Does wool burn?

Lesson objective:

  • To allow students to observe and compare the flammability of a range of common textiles and draw conclusions about the suitability of these textiles for a range of everyday

Students will have the opportunity to:

  • observe the flammability of wool compared with a range of other fibres
  • consider the implications of flammable fibres in a range of everyday

Setting the context

Wool’s chemical structure makes it naturally flame resistant. It is a highly-trusted natural fibre in public areas, such as hotels, aircraft, hospitals and theatres.

Wool is harder to ignite than many common textile fibres. While cotton catches alight at 255°C, the temperature must reach 570– 600°C before wool will ignite; while polyester melts at 252–292°C and nylon succumbs at an even lower 160–260°C, wool never melts so it can’t stick to the skin like many common synthetics.

Lesson focus

The focus of this lesson is to encourage students to think about the link between the flame-resistance properties of a fibre and the implications for its end use, in particular why wool is a safe fibre to wear or use in home furnishings.


Ask students to review their science journals and discuss the observations students have so far made about wool including the physical features that help wool protect sheep under a range of weather conditions.

Explain to students that wool has some unique features   that we can’t immediately see, but can test for, such as flammability. Ensure students understand that flammability describes whether or not a material will burn easily or not. Explain to students that they will be watching a video about the flammability of a range of fabrics.

Body of lesson

  1. Distribute the student worksheet Does wool burn? to students and explain that as a class you will watch the video about the flammability of different fabrics (textiles) and they will to predict what will happen when each of the textiles is exposed to a flame. They will need to record their predictions before the textile is exposed to the flame and observations after the textile has been exposed to the flame.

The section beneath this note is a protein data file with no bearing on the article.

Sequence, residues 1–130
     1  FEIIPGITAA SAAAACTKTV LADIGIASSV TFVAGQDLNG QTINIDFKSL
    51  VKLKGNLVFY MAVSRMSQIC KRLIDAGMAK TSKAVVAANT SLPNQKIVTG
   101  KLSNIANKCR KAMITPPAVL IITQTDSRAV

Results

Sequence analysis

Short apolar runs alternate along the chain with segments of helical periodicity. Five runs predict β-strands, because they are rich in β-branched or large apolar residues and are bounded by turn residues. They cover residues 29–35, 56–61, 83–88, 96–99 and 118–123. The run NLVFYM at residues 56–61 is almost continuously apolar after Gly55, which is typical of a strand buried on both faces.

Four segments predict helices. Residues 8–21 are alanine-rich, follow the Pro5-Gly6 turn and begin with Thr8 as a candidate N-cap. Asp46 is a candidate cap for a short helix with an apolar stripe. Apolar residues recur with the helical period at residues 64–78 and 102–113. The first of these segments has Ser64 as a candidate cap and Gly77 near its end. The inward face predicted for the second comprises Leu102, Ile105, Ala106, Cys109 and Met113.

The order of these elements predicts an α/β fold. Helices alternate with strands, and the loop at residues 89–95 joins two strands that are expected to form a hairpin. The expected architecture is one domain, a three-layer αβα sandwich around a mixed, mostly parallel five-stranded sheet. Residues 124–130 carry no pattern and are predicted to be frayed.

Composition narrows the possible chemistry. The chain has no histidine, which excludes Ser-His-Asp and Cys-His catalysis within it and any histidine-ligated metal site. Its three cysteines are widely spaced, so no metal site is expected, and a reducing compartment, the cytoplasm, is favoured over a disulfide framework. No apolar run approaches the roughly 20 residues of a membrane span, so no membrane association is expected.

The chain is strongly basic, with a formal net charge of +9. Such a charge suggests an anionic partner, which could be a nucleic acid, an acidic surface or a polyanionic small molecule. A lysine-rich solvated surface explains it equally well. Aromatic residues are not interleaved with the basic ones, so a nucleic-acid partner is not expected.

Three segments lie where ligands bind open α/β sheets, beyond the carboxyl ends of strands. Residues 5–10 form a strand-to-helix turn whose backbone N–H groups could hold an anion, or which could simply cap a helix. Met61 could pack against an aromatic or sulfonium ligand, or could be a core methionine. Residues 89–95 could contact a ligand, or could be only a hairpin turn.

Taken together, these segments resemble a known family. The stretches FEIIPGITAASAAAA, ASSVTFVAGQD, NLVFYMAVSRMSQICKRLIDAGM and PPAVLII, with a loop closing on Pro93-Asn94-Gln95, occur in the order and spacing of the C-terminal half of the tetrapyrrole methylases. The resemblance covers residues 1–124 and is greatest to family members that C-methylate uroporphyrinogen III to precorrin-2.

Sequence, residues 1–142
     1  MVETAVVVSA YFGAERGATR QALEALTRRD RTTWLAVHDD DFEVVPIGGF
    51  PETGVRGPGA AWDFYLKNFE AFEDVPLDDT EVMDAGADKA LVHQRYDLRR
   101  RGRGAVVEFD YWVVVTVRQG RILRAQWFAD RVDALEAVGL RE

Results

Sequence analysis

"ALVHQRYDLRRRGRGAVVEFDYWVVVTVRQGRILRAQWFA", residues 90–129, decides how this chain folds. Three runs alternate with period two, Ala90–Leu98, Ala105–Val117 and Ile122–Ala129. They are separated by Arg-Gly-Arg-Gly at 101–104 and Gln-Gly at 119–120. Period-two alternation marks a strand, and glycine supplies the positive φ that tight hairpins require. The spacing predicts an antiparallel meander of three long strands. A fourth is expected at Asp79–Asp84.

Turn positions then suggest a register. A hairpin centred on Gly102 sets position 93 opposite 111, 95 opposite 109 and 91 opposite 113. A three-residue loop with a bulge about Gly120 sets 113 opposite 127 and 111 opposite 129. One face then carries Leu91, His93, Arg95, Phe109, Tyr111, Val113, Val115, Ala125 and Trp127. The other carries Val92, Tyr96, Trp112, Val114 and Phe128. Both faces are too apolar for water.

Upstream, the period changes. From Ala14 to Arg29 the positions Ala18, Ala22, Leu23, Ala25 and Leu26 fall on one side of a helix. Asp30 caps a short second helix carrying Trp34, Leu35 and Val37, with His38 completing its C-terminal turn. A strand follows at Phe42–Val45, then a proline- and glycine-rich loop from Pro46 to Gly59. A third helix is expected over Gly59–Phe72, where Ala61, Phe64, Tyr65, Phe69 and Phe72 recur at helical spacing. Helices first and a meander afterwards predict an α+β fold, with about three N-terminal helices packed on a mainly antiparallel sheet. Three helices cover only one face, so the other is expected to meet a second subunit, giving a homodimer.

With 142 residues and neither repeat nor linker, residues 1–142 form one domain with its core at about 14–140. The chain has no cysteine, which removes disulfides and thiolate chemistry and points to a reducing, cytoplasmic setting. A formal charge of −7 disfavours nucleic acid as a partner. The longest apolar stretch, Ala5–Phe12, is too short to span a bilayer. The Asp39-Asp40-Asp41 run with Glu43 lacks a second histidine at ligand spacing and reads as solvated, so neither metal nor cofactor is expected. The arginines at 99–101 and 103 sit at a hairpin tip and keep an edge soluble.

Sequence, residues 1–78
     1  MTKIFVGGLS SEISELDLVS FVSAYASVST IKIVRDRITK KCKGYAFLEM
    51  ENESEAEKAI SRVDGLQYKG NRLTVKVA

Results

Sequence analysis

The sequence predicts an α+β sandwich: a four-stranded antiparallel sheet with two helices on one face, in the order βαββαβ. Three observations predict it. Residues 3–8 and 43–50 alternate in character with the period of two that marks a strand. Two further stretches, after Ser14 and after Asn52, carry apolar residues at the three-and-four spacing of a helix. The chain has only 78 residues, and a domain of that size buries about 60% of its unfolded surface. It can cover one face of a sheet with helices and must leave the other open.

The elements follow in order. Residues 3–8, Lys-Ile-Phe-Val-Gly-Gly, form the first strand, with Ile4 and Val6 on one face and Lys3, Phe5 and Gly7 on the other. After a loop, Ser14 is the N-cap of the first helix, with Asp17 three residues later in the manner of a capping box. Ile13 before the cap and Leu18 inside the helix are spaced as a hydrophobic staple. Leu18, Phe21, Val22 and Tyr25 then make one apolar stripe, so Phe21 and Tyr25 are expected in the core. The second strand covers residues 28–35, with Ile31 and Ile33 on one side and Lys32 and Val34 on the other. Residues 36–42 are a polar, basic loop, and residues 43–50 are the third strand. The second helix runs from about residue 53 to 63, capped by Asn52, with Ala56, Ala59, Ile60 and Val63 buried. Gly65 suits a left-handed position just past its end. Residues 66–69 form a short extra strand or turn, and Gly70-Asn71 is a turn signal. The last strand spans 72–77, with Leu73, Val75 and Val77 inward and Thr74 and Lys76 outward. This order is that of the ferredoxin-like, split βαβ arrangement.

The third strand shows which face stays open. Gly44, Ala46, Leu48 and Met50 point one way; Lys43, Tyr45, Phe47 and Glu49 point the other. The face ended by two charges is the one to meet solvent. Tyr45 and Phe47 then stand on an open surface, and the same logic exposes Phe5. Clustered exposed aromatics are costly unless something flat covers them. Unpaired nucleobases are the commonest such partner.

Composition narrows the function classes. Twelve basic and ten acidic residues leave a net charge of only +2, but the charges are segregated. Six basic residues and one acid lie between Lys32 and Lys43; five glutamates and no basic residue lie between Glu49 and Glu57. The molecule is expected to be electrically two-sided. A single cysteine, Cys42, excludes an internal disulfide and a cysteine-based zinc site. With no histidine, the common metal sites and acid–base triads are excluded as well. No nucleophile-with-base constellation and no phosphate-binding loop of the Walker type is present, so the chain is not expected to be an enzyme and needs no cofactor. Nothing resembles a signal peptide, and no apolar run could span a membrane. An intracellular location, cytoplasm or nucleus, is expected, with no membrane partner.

2. Start the video Sam the Lamb — Does wool burn? stopping before each fabric is exposed to the flame. Ask students to predict what will happen and record the corresponding option on their worksheet (circle the appropriate word in the My prediction column).
  3. Following each demonstration, stop the video and ask students to describe what they observed during the demonstration. Discuss whether what happened matched their predictions. Ask students to record what happened on their worksheet in the My observations column.
  4. Repeat this process for each fabric type.
  5. In light of the results of this activity, discuss the relative safety of each of the sample clothing items in the event of a fire. Ask students to complete their worksheet by identifying the safest (least flammable) option shown at the bottom of the sheet. Discuss the implications of this experiment with regards to the safety of furnishings and clothing, such as children’s pyjamas, drying clothes on a heater or near a campfire, or furnishings such as curtains, floor coverings and bedding.


Ask students to write a paragraph to describe the fire-resistant properties of wool in their science journal under the heading Is wool flammable?

Explain that during the next few lessons you will be further investigating the unique properties of wool and how these properties influence the way we use wool in a range of everyday products.

Links to the Australian Curriculum:

  • Natural and processed materials have a range of physical properties that can influence their (ACSSU074)
  • Science involves making predictions and describing patterns and relationships (ACSHE061)
  • Represent and communicate observations, ideas and findings using formal and informal representations (ACSIS071)
  • Compare results with predictions, suggesting possible reasons for findings (ACSIS216)
  • Science knowledge helps people to understand the effect of their actions (ACSHE062)